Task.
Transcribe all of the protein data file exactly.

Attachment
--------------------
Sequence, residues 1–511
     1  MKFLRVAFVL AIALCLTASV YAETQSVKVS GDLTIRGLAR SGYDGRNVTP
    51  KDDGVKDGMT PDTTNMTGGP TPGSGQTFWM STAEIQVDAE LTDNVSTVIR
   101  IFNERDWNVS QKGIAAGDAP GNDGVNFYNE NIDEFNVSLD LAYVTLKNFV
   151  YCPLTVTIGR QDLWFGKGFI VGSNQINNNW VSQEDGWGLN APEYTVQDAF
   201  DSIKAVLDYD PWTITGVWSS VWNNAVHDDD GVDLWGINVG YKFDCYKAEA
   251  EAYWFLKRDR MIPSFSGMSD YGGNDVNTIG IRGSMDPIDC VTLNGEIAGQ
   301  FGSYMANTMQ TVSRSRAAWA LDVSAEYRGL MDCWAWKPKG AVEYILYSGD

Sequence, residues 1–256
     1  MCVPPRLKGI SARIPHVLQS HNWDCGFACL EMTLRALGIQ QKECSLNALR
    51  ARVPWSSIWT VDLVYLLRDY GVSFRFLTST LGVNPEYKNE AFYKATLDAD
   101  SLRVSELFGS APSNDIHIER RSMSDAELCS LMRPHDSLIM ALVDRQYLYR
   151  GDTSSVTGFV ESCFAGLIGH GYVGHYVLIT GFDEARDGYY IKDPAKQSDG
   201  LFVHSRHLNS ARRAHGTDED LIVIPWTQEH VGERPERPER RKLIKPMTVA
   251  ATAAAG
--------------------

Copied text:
Sequence, residues 1–511
     1  MKFLRVAFVL AIALCLTASV YAETQSVKVS GDLTIRGLAR SGYDGRNVTP
    51  KDDGVKDGMT PDTTNMTGGP TPGSGQTFWM STAEIQVDAE LTDNVSTVIR
   101  IFNERDWNVS QKGIAAGDAP GNDGVNFYNE NIDEFNVSLD LAYVTLKNFV
   151  YCPLTVTIGR QDLWFGKGFI VGSNQINNNW VSQEDGWGLN APEYTVQDAF
   201  DSIKAVLDYD PWTITGVWSS VWNNAVHDDD GVDLWGINVG YKFDCYKAEA
   251  EAYWFLKRDR MIPSFSGMSD YGGNDVNTIG IRGSMDPIDC VTLNGEIAGQ
   301  FGSYMANTMQ TVSRSRAAWA LDVSAEYRGL MDCWAWKPKG AVEYILYSGD

Sequence, residues 1–256
     1  MCVPPRLKGI SARIPHVLQS HNWDCGFACL EMTLRALGIQ QKECSLNALR
    51  ARVPWSSIWT VDLVYLLRDY GVSFRFLTST LGVNPEYKNE AFYKATLDAD
   101  SLRVSELFGS APSNDIHIER RSMSDAELCS LMRPHDSLIM ALVDRQYLYR
   151  GDTSSVTGFV ESCFAGLIGH GYVGHYVLIT GFDEARDGYY IKDPAKQSDG
   201  LFVHSRHLNS ARRAHGTDED LIVIPWTQEH VGERPERPER RKLIKPMTVA
   251  ATAAAG